This year’s HEA Arts and Humanities conference was held in Brighton this week.
I had been thinking about architecture as a structure for my reflective book of it somehow – the idea of ‘housing’ the different stories told in the sessions somehow… and as I looked out to the pier over breakfast I really liked that structure – the somewhat fantastic structures you find on a pier of this sort, not unlike best practice in Higher Education, underpinned by a supporting structure. And then the conference started and I didn’t really have much time to think about anything much beyond what session to go to next (and at this event those were very difficult decisions). As I don’t have the time to get into the making of my reflective book just now, here a little write-up of the impressions of my very own conference experience…
We got started with a keynote by Dr Vicky Gunn, Director of Learning and Teaching Centre at the University of Glasgow, who talked about ‘Stories as re-membering: The tall tales we tell about teaching‘. It was a rich hour with lots to think about. What stuck with me most was the image of the emic mountain, and how you tend to think/reflect back on what you thought was going on, rather than on what was actually going on. What also got me thinking was the question whether we are using our teaching to produce gated communities rather than public squares, through the exclusivity of the ‘conversations’ we are having and are encouraging our students to have.
I then dove into a wildcard session led by Alex Moseley of the University of Leicester on ‘Who needs time and money? How to design cheap and effective traditional games‘ Here I found myself part of the Tibetan team in the World Speed Games Design Championship, using ten steps defining the Context, developing the Grand Design and then Refining the Design of a game that would allow students to build their vocabulary in a foreign language. It became a set of challenges on their (virtual) way to the Cannes Film Festival and involved zombies and meerkats at one point (don’t ask). We didn’t win (partly due to my absolute inabiblity to get us extra points by remembering the favourite games of the other members of my team), but we did learn how to create a learning game in ten steps – and as we only had 90 minutes it became clear that a game like this can be created in prototype fairly quickly. (For more information on creating low-cost games for learning see Whitton, N. and Moseley, A. (2012) Using Games to Enhance Learning and Teaching: A Beginner’s Guide. Routledge).
I spent my afternoon in the three hour session led by Nick Monk of the University of Warrick on ‘Learning from Narrative‘. This combined two activities, which we did in two groups of four. We started by going on a ‘long short walk’. The idea behind this is to slow down and notice things. So, we were required to take a walk that would usually take about 5 minutes and complete it in 20, while really noticing things. It is funny how you immediately pick up on things that your brain usually would filter out, for example the noise of the busy King’s Road, the pole with the odd looking construction, which might have been a camera – but also how there are things you on your own still don’t notice. I for example, didn’t see the Punch and Judy theatre/booth until Sharon pointed it out. They were gone when we went back. This activity reminded me of two things that have made an appearance on this blog before: the documentary drawing, as this is also about noticing things in a different way (and indeed, I tried to do my noticing here through drawing rather than writing), as well as the reflective walk. However, a link I hadn’t made that Nick pointed out once we were back in the room to discuss the experience was that he uses this to illustrate to his students the difference between reading and ‘close reading’ – because when you read for academic research purposes you are not just trying to get from A to B (so that you can say that you have read a particular text), you are trying to notice the nuances, pick up on the meaning, in short pay closer attention. I will definitely be trying that with my students next term! We then went into the second activity of the afternoon, ‘theory building’. Here we got a collection of materials – quotations and images that were all somewhat Brighton related – and were asked to use them to create out own narrative, possibly inspired by our experience of Brighton on our long short walk. After figuring out what everything was and possibly meant, it was really helpful to talk through different options, but in the end this came together in my group once we started to take away things. Our story became stronger once we removed items and only kept the ones that supported the story, rather than keep everything in. Again a very useful activity to do with students, showing the usefulness (and necessity) of developing a focus and editing the story you want to tell. Fascinating was that the other group had a very different approach and put together a small performance!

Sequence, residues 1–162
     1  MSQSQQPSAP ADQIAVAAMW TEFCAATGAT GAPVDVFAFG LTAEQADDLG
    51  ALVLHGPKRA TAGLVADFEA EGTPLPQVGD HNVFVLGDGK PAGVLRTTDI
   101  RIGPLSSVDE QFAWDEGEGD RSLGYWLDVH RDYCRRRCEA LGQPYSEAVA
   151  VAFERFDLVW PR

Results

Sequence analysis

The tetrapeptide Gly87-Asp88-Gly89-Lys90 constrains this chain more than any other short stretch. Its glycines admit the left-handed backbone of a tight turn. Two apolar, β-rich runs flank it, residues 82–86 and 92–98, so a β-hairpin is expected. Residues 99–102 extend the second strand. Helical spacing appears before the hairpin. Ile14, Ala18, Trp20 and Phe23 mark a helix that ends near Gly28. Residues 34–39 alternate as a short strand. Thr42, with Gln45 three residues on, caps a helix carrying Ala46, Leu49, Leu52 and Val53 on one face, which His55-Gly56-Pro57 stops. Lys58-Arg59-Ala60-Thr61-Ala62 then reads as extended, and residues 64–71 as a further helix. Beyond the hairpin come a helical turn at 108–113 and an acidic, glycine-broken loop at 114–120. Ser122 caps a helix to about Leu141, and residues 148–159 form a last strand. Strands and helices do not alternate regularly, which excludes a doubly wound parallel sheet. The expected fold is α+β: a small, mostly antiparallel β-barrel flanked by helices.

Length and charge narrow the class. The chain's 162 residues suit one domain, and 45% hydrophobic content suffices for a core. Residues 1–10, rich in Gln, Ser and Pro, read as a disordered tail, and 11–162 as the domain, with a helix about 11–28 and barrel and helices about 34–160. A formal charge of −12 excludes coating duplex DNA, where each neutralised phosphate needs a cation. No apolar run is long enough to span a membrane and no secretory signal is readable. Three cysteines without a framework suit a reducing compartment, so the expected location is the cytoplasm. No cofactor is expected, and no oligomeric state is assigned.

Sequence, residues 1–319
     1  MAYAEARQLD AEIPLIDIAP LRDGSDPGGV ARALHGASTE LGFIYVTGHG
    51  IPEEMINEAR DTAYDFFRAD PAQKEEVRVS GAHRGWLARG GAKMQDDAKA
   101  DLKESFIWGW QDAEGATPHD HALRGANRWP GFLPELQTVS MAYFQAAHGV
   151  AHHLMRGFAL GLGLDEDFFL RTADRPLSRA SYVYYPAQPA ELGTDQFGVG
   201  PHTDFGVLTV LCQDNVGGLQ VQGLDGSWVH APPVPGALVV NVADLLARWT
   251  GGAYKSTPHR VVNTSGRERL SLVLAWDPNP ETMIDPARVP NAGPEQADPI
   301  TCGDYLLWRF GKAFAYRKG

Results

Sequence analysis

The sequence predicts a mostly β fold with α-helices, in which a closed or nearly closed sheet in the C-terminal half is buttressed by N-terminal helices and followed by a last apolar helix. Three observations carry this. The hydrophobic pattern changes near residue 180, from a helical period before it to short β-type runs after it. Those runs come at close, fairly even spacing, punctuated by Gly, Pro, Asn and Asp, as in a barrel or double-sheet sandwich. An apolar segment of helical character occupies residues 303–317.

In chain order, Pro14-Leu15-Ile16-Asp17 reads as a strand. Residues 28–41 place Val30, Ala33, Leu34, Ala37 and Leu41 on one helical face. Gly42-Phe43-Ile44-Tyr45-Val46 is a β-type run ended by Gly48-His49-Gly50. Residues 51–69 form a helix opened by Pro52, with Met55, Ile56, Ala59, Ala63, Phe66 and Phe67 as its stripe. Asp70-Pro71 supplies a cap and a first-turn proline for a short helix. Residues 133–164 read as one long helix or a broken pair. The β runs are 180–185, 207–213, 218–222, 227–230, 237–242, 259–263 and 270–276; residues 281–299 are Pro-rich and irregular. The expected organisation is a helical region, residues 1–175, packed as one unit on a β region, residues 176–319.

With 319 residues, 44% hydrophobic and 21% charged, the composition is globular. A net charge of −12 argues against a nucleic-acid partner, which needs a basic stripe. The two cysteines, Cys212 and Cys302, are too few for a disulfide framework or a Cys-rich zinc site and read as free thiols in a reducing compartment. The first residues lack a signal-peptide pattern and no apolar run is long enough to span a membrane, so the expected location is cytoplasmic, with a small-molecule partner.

After this already very full day I felt conference fatigue setting in and decided to skip the next session, being ready for the poster reception afterwards. Here I particularly enjoyed Anna Lise Gordon’s ‘The mirror in the suitcase‘ on the importance of resilience for early career teachers. She uses creative writing methods to explore reflective practice, and I was particularly taken by the Haikus some of her research subjects had written.